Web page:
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Convenience stores are thirsty for expansion

Mexico's brewers and soft-drink makers that own the chains are driving the sharp growth as a way to push their products.

January 06, 2007|Marla Dickerson | Times Staff Writer

MEXICO CITY — Clutching a hot dog and a Coke, Mauricio Sanchez described himself as a convenience store regular as he left a 7-Eleven one recent afternoon.

The office worker often grabs lunch at this store near the central business district here. He snags milk for the family at a chain called Extra near his house. He buys beer at the Oxxo outlets that dot Mexico's capital.

"There are more of these [stores] than there used to be," said Sanchez, 32.

Slurpee and Big Gulp are not yet household words in Mexico. Still, convenience stores are expanding at a clip that would make Homer Simpson smile.

More than 7,600 chain outlets are scattered across the country. That's a fivefold increase in less than a decade, with thousands more independent operators hanging out shingles as well, according to industry estimates.

Those figures are tiny compared with the presence in the United States, where more than 140,000 convenience stores sell Twinkies and Budweiser to the masses, and where "The Simpsons' " indefatigable Kwik-E-Mart counterman Apu Nahasapeemapetilon has become a TV icon.

But Mexicans are warming to the notion of microwave burritos. Mexico's biggest chains are planning major expansions, taking advantage of changing lifestyles and consumer tastes.

With more two-income families and lengthy commutes in urban areas, Mexicans increasingly are stopping in at convenience marts, attracted by bright aisles, longer opening hours and a wider selection than at many traditional mom-and-pop corner stores.

"We saw a good opportunity," said 7-Eleven Mexico's president and director general, Luis Chapa, whose family left the full-service grocery store business to open a convenience mart in 1976. The company now operates 700 outlets and is looking to launch 100 a year in each of the next three years.

Expansion has been slower for 7-Eleven and its competitors in Mexico than in other international markets, partly because they cannot sell gasoline.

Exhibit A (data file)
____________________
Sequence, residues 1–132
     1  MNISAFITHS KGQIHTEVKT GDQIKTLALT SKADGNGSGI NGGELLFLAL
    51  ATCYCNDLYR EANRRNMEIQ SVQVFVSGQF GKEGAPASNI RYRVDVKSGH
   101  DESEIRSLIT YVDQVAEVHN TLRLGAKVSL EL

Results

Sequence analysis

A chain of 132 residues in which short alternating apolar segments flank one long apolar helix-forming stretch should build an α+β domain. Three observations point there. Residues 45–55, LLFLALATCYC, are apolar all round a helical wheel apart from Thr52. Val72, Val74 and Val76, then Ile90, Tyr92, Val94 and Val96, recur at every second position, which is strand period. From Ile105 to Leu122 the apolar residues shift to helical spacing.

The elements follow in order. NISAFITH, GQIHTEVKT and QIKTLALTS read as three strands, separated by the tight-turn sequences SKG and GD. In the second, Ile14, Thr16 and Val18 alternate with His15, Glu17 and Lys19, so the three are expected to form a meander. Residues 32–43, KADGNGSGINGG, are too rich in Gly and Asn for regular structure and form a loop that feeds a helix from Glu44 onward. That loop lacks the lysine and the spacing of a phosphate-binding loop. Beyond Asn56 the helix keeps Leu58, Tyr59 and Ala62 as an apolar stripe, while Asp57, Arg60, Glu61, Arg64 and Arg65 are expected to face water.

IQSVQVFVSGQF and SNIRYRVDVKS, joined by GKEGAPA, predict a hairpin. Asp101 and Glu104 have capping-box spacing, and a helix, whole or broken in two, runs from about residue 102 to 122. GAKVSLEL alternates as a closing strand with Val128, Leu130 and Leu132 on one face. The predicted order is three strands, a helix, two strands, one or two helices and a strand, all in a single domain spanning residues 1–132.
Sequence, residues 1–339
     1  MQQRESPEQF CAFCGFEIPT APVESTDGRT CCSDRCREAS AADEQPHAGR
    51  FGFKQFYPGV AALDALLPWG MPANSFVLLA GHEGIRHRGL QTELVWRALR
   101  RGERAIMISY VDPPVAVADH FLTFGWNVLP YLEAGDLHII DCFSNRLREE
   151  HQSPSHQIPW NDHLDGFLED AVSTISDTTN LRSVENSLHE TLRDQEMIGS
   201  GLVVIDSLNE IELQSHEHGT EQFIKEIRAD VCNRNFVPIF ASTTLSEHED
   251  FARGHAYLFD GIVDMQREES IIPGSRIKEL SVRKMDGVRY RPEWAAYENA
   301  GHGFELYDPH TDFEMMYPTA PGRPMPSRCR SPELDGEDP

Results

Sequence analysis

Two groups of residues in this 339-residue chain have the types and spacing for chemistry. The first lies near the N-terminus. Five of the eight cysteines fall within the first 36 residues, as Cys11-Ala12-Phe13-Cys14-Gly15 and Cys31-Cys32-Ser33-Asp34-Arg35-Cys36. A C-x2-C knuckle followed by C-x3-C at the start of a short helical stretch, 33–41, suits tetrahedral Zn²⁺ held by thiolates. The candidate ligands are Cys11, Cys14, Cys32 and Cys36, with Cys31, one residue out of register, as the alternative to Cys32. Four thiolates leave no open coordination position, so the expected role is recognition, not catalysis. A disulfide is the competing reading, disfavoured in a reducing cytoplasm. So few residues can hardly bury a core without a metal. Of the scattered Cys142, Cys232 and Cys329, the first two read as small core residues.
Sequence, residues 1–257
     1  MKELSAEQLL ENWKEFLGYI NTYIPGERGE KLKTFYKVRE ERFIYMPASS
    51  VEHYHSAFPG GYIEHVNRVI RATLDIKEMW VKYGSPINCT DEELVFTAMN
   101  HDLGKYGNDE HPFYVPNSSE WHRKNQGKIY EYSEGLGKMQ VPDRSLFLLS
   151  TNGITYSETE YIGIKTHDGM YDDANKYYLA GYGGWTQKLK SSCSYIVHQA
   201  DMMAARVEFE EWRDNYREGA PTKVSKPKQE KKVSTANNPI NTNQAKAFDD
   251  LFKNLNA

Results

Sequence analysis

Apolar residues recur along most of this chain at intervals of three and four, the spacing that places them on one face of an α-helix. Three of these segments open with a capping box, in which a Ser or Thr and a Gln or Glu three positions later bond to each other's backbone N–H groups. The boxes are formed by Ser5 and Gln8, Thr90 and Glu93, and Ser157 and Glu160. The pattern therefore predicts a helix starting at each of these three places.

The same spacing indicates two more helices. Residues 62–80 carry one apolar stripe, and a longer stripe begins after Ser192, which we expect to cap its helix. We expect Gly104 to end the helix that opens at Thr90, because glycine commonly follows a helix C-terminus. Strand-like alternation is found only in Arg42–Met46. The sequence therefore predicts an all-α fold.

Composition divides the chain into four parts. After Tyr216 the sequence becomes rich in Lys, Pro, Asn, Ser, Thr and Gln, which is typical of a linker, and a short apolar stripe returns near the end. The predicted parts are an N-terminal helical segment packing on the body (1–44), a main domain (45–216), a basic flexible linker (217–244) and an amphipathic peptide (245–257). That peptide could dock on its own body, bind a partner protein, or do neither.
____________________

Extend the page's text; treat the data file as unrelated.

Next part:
About 80% of U.S. convenience stores sell fuel, according to Alexandria, Va.-based National Assn. of Convenience Stores. Fuel accounts for three-quarters of the typical U.S. outlet's revenue and 40% of profit and drives traffic to the stores.

In Mexico, however, only 2 in 10 consumers have cars, and state oil company Pemex has a lock on gasoline retailing. Convenience store owners can strike deals with Pemex franchisees to locate outlets next to their filling stations, but they typically have no say in how the fuel operation is managed. That's a drawback in a country where station owners are notorious for cheating motorists.

With only 7,400 Pemex stations across the entire country, and no deregulation of retail gasoline sales in sight, Mexican convenience store operators have turned to other liquids to fuel growth -- namely soda and beer.

The nation's dominant brewers and soft-drink makers have seized on convenience stores as a way to push their products. They are constructing thousands of stand-alone, urban retail shops that function like giant vending machines for their brands.

Oxxo, the nation's largest convenience store chain with nearly 4,500 stores, is owned by Monterrey, Mexico-based Femsa. That's the parent company of the nation's largest soft-drink bottler, Coca-Cola Femsa, and the nation's second-largest brewer, Cerveceria Cuauhtemoc Moctezuma.

The company opened almost one store a day in 2006, and has announced plans to grow a network of 10,000 stores to distribute its Coca-Cola, Tecate, Sol and Dos Equis labels.

Runner-up Extra is controlled by Grupo Modelo, Mexico's largest brewer, whose most recognized brand is Corona. U.S. beer giant Anheuser-Busch Cos. owns a 49% interest in the Mexico City-based company. The Extra chain boasts 2,100 outlets and is bent on expansion to get its beer into the hands of more thirsty Mexicans.

"[Femsa and Modelo] want vertical integration from the hops all the way to the consumer," said Jeff Murphy, head of Murphy Group, an Ashburn, Va.-based consulting firm that works with fuel retailers and convenience store operators around the world. "That's what's driving store growth."

7-Eleven Mexico has taken a different path. A joint venture between Dallas-based 7-Eleven Inc. and Grupo Chapa, a family firm in Monterrey, the firm set out to professionalize the traditional tiendas de abarrotes.

These tiny corner stores are still ubiquitous in Mexico and are handy for picking up a six-pack or some tortillas. But they tend to be cramped and dingy, offering few products and limited hours. Many have exclusivity arrangements with suppliers, who provide coolers or shelving in exchange for carrying only their brands of milk, beer, bread or ice cream.

Breaking free of those monopolistic ties has been one of the toughest challenges for 7-Eleven, Chapa said in an interview in the company's Monterrey offices.

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